Disseminated Intravascular Coagulation in Pregnancy
Michael A. Belfort
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Disseminated intravascular coagulopathy (DIC) is a lifethreatening complication of a multitude of medical illnesses. Some of these illnesses include malignancies, trauma, infections, liver disease, and obstetrical traumas/disease. It is life-threatening in the way that it causes systemic microvascular thrombosis, consumptive coagulopathy, and as a result multi-organ failure and even death. It primarily affects critically ill patients in the intensive care unit (ICU) with rates reported as high as 35% in those patients admitted with sepsis (1).
It is important to emphasize that DIC itself is not a disease but the critical end point of a specific medical complication. As always, prevention is key to avoiding severe morbidity and mortality. As such, the key to preventing DIC is understanding the pathophysiology that could lead to this critical situation and first correcting the underlying etiology. This requires timely and knowledgeable action on the physician’s part to avoid adverse outcomes.
DIC IN OB/GYN
It is commonly known that the maternal morbidity and mortality rate in the United States is on the rise when compared to other developed nations. The top causes of pregnancy-related deaths in the United States are cardiovascular disease, infection, and hemorrhage. DIC is the most common complication from peripartum hemorrhage, which is still the leading cause of worldwide maternal mortality (2,3). The reported incidence of DIC ranges from 0.03% to 0.35% in all pregnancies but more impressively, it has been reported to occur in >50% of cases with obstetrical complications such as placental abruption and amniotic fluid embolism (4).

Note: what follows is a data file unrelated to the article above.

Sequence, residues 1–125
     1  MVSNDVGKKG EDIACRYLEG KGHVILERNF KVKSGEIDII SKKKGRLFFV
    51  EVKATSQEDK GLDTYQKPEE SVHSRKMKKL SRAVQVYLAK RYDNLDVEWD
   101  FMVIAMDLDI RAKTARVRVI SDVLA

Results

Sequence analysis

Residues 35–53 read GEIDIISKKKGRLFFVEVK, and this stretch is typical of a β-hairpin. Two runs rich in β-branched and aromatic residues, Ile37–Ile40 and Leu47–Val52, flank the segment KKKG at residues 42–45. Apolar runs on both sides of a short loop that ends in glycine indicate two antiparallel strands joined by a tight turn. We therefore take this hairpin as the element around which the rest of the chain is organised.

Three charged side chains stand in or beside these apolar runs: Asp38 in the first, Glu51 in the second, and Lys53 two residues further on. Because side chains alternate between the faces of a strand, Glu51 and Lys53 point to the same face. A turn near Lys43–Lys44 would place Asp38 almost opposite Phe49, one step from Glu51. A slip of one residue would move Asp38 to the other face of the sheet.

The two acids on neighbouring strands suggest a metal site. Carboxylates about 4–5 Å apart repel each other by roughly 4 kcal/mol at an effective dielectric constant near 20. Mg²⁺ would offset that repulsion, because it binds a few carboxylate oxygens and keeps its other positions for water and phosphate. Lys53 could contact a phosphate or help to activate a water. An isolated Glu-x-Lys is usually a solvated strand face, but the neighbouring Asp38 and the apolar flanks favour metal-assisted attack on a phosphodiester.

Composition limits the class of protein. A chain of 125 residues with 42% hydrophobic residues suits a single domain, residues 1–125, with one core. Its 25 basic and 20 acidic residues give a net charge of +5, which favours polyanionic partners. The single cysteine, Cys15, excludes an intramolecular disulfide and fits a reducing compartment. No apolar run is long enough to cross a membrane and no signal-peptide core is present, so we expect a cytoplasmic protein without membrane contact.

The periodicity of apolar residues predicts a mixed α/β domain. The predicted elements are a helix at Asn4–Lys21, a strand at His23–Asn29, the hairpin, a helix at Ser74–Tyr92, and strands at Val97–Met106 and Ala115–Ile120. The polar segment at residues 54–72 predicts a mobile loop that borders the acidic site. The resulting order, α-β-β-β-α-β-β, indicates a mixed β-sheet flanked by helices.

By recognizing some key clinical features, it is frequently possible to rapidly identify and treat the underlying etiology of the DIC and to largely prevent severe maternal morbidity and mortality. In this chapter, the normal physiologic response to pregnancy of the coagulation system will be presented, along with an easily remembered approach to the clotting cascade that helps in the diagnosis of DIC at the bedside.
PHYSIOLOGIC CHANGES IN PREGNANCY RELATED TO CLOTTING
The hemostatic system is known to be complex in its intricate balance of fibrin generation and fibrinolysis. Typically, an inciting event will cause an activation of the clotting cascade, but to not have such an exaggerated response, the heavily regulated fibrinolytic system comes into play.
Pregnancy is a unique condition that causes maternal blood volume to increase 50% by the end of pregnancy (5). The mother’s body is at significant risk of hemorrhage around the time of placental implantation and the third stage of labor. To not cause significant harm from this physiologic pregnancy adaptation, the hemostatic system also adapts by balancing these different factors in a way that is procoagulant during the gestational period. Although this does increase the risk for venous thromboembolism, pregnant women overall have uncomplicated pregnancies owing to the fibrinolytic adaptations noted in response to this.